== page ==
1. This is an appeal by the wife according to Section 28 of the Hindu Marriage Act, 1955 (hereinafter called the Act), against the judgment and decree dated October 15, 1971, passed by the learned District Judge. Chhindwara, dismissing her application filed under Section 10(2) of the Act for rescission of the decree for judicial separation passed against her in an earlier proceeding (Civil Suit No. 11-A of 1969, decided on December 24, 1969).
2. Briefly stated, the facts are these. On an application made by the respondent, claiming judicial separation on the ground of cruelty under Clause (b), Sub-section (1) of Section 10 of the Act, a decree for judicial separation had been passed against the appellant on December 24. 1969. The application under Section 10(2) of the Act was filed on July 20, 1971, by the appellant. The only ground urged in support of the application was that the appellant was now repentant and she would not misbehave with the respondent as she did in the past, and that the marriage of their only daughter, who was about 13 years of age at the time of the application, was to be settled, which was not possible without getting the decree for judicial separation set aside, as it was presenting unsurmountable difficulties, The respondent opposed the application and denied the genuineness of the offer made by the appellant and controverted the other allegations. He offered to make all arrangements for the marriage of their daughter.
3. An issue was framed by the trial Court, whether it was a fit case for rescission of the decree for judicial separation. In spite of opportunity being given by the trial Court no evidence was led by either party. The trial Court dismissed the application on its finding that no ground for rescission of the decree under Sub-section (2) of Section 10 of the Act was made out It is against this decree that the present appeal has been prefers red by the wife.
4. Shri A. N. Mukerji, learned counsel for the appellant, has urged that prima facie the offer of the appellant to live again with the respondent peacefully was sufficient for the Court to rescind the decree under Section 10(2) of the Act and, therefore, it was not necessary to lead any further evidence. Under Sub-section (2) of Section 10, the main requirements are two, viz., that the Court should be satisfied of the truth of the statements made in the petition and that in its discretion it considers it just and reasonable to do so. The question whether the ground urged is sufficient to make the case fit for rescission of the decree comes after the Court is satisfied about the truth of the averments made in the application.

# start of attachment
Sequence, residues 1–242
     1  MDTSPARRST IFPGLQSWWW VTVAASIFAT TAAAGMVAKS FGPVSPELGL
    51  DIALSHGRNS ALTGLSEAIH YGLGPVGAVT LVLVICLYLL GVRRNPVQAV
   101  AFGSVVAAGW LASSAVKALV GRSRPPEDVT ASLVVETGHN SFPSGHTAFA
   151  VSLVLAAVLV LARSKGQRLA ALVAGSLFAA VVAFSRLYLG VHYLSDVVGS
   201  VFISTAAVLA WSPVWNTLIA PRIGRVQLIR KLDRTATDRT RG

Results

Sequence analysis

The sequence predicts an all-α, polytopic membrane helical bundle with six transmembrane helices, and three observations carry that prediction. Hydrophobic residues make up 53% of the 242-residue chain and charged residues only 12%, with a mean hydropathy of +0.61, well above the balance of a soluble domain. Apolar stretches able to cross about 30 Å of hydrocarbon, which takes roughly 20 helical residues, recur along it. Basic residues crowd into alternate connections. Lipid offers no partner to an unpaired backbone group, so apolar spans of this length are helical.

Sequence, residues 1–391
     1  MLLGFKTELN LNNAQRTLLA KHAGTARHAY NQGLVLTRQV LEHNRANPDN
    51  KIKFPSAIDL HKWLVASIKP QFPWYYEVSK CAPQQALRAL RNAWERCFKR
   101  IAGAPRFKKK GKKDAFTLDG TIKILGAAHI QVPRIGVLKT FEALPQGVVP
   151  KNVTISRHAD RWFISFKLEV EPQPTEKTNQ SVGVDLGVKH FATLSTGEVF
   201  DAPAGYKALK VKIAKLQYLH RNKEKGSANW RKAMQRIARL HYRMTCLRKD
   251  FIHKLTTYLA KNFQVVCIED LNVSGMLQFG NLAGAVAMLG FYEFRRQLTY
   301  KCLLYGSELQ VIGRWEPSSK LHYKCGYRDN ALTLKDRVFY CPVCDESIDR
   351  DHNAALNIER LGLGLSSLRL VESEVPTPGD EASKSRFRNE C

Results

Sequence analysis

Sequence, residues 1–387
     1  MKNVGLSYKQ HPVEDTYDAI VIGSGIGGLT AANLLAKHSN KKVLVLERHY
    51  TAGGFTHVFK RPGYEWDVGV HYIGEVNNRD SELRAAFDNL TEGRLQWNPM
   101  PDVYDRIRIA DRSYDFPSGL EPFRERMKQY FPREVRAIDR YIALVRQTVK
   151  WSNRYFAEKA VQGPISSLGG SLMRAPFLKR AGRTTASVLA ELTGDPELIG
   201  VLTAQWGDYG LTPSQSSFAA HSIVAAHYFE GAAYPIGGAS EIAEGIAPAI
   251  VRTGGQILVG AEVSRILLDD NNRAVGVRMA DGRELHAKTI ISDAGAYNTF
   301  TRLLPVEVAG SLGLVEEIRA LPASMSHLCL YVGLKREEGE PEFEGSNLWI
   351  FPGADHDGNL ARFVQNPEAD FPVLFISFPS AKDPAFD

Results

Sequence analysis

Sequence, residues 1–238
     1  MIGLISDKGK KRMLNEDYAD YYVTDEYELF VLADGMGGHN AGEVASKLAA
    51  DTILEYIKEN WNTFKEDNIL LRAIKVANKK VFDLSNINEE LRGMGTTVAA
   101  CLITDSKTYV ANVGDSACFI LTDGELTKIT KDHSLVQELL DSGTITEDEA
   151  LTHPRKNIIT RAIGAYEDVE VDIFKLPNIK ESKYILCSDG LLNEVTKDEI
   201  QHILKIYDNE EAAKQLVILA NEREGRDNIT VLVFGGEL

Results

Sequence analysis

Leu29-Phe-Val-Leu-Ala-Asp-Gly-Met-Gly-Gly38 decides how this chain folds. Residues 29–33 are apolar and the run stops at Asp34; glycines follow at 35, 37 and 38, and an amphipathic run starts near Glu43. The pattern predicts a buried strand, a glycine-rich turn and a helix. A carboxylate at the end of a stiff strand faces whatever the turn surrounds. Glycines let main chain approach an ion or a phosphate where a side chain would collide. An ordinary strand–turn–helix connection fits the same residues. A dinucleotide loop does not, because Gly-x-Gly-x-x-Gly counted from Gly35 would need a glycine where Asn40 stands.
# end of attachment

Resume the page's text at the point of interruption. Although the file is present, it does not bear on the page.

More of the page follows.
5. The power under Section 10(2) of the Hindu Marriage Act is extraordinary. It empowers the Court to rescind its own decree which it has rendered after due trial It follows that the extraordinary power can be exercised only for extraordinary or compelling reasons. The extraordinary power under Section 10(2) of the Act has for its basis the consistent policy of file law to make available to the parties every opportunity for reconcilation. The door is not closed even after the decree for judicial separation, until the marriage is dissolved by another decree. Where, notwithstanding a decree for judicial separation, the husband and the wife get over their differences and want to live together, the decree of judicial separation will not come in their way. That being the purpose and intent of Section 10(2), the power to rescind, though available, must be exercised with circumspection only to achieve this purpose.
6. If both the parties jointly approach the Court for rescission, the Court will find it easiest to grant relief. It will also not be difficult to grant rescission on the application of the spouse at whose instance the decree for judicial separation was passed. But where the application under Section 10(2) is made by the defendant and is resisted by the plaintiff, a very heavy burden lies on the applicant.
7. In this case an issue was framed by the trial Court requiring the parties to prove their case by adducing evidence, as it was not sufficient to have made those averments in the petition. No evidence having been led by the appellant, the burden was not discharged by her and it was not necessary for the respondent to have led any evidence. That apart, the only ground on which the application was filed and which is now urged in support of the appeal does not appear to be sufficient by itself to rescind the decree. At any rate, the appellant not having appeared at any stage to give an undertaking in the Court not to misbehave with the respondent which resulted in the decree for judicial separation, the learned District Judge was right in taking the view which he did. The learned District Judge made efforts for re-conciliation but he did not succeed. We do not see any reason to take a different view.
8. Accordingly we dismiss the appeal with costs.